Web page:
Meta Platforms, formerly Facebook Inc, said it has banned seven hack-for-hire groups that were using its social media networks for social engineering, spying on people and sending malicious links. The surveillance groups were based in China, Israel, India, and North Macedonia and have targeted over 50,000 people in over 100 countries over 5 years, Meta said in a report.
Meta said that it has alerted the users who it believes were under the surveillance of these groups and has also shared its findings with security researchers, policymakers and other social media companies.
Researchers at Meta believe that these groups would try to revive their operations on their social networks again with new obfuscation tactics. “The entities behind these surveillance operations are persistent, and we expect them to evolve their tactics,” they warned.
Social engineering is a widely used tactic by threat actors to acquire the personal information of targets, which is then used to carry out phishing attacks and infect devices with malware attacks. According to a recent report by SlashNext Threat Labs, social engineering attacks in 2021 increased by 270%.
According to Meta, these groups and their malicious activities were detected by an alert system that was recently updated to offer more granular details such as the nature of targeting and the entity behind it.
The seven groups banned by Meta include Cobwebs Technologies, Cognyte, Black Cube, BellTroX, Cytrox, Bluehawk CI and an unknown entity in China.
Meta removed around 400 Facebook accounts linked to BellTroX and 300 Facebook and Instagram accounts linked to Black Cube and Cytrox each.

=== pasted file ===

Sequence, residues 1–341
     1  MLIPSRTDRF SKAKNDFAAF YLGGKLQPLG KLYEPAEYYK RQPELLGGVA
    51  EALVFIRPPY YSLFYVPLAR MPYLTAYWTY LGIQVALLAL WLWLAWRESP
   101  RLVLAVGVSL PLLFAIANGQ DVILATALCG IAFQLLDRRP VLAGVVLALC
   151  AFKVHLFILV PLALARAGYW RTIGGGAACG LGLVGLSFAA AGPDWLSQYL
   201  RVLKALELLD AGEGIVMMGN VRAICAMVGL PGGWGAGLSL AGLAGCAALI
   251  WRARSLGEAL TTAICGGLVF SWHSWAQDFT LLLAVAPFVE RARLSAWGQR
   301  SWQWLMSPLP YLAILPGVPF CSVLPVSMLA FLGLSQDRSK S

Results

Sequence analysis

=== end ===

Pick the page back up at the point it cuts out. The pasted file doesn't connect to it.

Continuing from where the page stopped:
BellTroX is a New Delhi-based IT company that allegedly offers hacking as a service. According to Meta, BellTroX was using its social media platforms for reconnaissance, social engineering and to send malicious links.
In 2020, Toronto based Citizen Lab had uncovered a global hack-for-hire operation that targeted hundreds and thousands of individuals, including journalists, activists, lawyers, government officials and corporate heads. Citizen Lab found that the group behind the operation called Dark Basin was linked to BellTroX, reported Mint.
During their investigation, Meta found that BellTroX was using fake accounts to impersonate politicians, journalists and environmental activists to carry out social engineering and get the targets to share personal information for future phishing attacks. The group was caught using some of these fake accounts to target lawyers, doctors, activists, and clergymen in Australia, Angola, Saudi Arabia, and Iceland.
Like BellTroX, Israel-based Black Cube was using fake accounts for social engineering and stealing email details. They were posing as graduate students, NGOs and human rights workers to target NGOs in Africa, Eastern Europe, and South America; activists in Palestine and university students in Russia. They were also targeting people in the mining, medical and energy industry.
The third large entity, Cytrox, a North Macedonian company that sells surveillance tools and malware to compromise iOS and Android devices was caught spoofing legitimate news entities and mimicking social media services.
“Cytrox and its customers took steps to tailor their attacks for particular targets by only infecting people with malware when they passed certain technical checks, including IP address and device type. If the checks failed, people could be redirected to legitimate news or other websites,” researchers at Meta said.
Meta believes Cytrox was offering its services to another threat actor known as Sphinx that was targeting people in Egypt and adjoining countries. For an investigation into Cytrox, Meta collaborated with Citizen Lab.
Several governments and companies have started to clamp down on spyware providers and hacker for hire groups. For instance, last month the US government slapped Pegasus supplier NSO Group with an export ban that restricts them from acquiring hardware and software from any US company without approval.
Apple has also filed a lawsuit against NSO Group and its parent company OSY Technologies and has appealed for a permanent injunction to stop them from using Apple devices, apps and services. Pegasus was used by unknown actors to target several iPhone users.